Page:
Authentication With GraphQL, Relay, and Rails

How to register users and log them in and out in a Relay-on-Rails application
By Jon Stokes

In this article, we’ll look at how you register users and log them in and out in a Relay-on-Rails application. This piece covers the back-end implementation, only, so you’ll need to know how to implement Relay mutations on your preferred client.

GraphQL + Relay Modern + Rails

The path of least resistance
By Jon Stokes

Are you a Rails developer looking to take the next step? Here’s how to add Relay, GraphQL and Relay on top of your favorite web framework.

macOS alternatives: What about SteamOS?

Where to go next
By Jon Stokes

After Apple’s October 27 Mac event, many people were left to wonder, “Should I think about a macOS alternative? What else is out there?”

A Survival Guide for Non-Writers Who Have to Write for the Web

Taking the pain out of writing
By Jon Stokes

Writing for the web isn’t easy especially if it isn’t your full-time job. It doesn’t have to be painful though. Here are a few tips to help you survive.

Interview: Talking Middleman V4 and Front-end Dev with Thomas Reynolds

A chat with the creator of Middleman
By Jon Stokes

Middleman was built by Thomas Reynolds over eight years ago as a way to build static sites with easy-to-use framework. I talk with Mr. Reynolds about a few new features for Version 4 of the tool.

Rails + React + NPM: Another Option

By Jon Stokes

Most of the instructions I found for combining react-rails with browserify-rails and npm modules were at least a year out-of-date. But I finally got it all working, and it turns out that it’s pretty straightforward. In this bog post, I’ll show you how to use the convenient react-rails helpers to build views while using browserify-rails to bring in npm modules where and when you need them.

The NoCMS Manifesto

Chapter 1: Stakeholders
By Jon Stokes

I’ve been thinking a fair amount recently about life in a post-Wordpress world. Specifically, I’ve been pondering what a fully modern CMS might look like if it were designed in 2016 from mature, stable technologies with the goal of giving publishers the flexibility that they need to solve their number one problem. Of course, the number one problem in publishing isn’t slow page loads, nor is it the fact that Wordpress has a crufty UX while all the cool kids are doing edit-in-place. Performance and UX do matter, but by far the biggest problem in publishing right now is that it’s no longer clear how anyone will make money by typing things onto the Internet for other people to look at.

Painless Activity Streams in Rails

An easier way to track events
By Jon Stokes

There’s a better way to implement business logic, and track events in Rails.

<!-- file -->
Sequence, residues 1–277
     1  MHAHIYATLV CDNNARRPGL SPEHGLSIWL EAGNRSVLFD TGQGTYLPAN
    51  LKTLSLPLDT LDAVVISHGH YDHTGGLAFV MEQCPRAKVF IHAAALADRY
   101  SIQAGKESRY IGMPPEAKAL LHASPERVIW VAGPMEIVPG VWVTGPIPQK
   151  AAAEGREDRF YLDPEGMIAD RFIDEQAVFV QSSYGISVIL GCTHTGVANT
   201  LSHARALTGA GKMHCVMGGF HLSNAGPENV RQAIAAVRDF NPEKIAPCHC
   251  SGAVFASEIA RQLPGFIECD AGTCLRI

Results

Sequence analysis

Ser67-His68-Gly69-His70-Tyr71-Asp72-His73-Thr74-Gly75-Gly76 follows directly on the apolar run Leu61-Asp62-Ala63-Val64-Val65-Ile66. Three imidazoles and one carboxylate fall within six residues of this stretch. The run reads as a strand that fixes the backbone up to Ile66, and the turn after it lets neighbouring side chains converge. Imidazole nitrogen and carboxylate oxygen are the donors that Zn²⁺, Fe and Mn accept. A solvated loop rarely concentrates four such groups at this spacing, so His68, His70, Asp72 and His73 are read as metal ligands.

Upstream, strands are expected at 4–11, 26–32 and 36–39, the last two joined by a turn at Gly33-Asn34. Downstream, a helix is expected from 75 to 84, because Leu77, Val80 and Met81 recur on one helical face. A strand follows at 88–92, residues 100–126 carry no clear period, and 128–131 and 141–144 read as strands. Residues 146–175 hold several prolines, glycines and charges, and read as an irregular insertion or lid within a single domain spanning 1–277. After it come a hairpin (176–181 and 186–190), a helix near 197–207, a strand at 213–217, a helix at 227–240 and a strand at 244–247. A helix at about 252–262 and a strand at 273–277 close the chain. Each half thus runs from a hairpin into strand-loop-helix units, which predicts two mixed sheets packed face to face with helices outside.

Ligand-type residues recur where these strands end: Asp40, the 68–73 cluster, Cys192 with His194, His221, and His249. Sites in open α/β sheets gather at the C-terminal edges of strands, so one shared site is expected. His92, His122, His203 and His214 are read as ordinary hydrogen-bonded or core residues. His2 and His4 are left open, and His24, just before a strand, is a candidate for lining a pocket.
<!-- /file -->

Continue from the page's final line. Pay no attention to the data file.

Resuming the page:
WISP Trials: Waiting For the Balloons

By Jon Stokes

I used to think Google’s plan to give the world Internet via balloon was kind of looney. Then I moved to Texas and started a small hobby wireless ISP (WISP). Here are some things I learned about why American broadband is a fiasco, a fiasco that’s about to get way worse.

Adding Uploadcare to Rails the Easy Way

Give your users the ability to create, read, and delete images
By Jon Stokes

Back when I started working with rails, a typical rails app was a relational database that you provided a user-facing CRUD interface for. Now a typical rails app is a place where a bunch of REST APIs meet.

Internet Land Grab 2.0

The Fulcrum Lottery
By Jon Stokes

You’ve probably read that WhatsApp hit 900 million users with only 50 engineers. That’s not quite the whole story. Thinking of the effective size of the company’s engineering team is a useful reminder of what really matters.

Inside The Machine v2.0: Coming Soon With More ARM

By Jon Stokes

I’m working on a second edition of my book, and I’ll be doing all the work in a public github repo. The new edition will also replace PowerPC with ARM.

Why I Joined Collective Idea

By Jon Stokes

In which one of the Ars guys gets back into coding, and joins a great software team.

How To Get Alerts When a Sidekiq Instance Goes Down

By Jon Stokes

For those of us who use the popular distributed job queueing system Sidekiq, it’s a common problem: a Sidekiq instance containing a pool of workers dies, and the only way you find out about the problem is by checking the Sidekiq dashboard and seeing that you’ve got a ton of jobs backed up and fewer busy workers than expected. Luckily, there’s an easy way to get email alerts when one of your instances goes down, using Dead Man’s Snitch and a little bit of code inspired by the sidekiq\_snitch gem.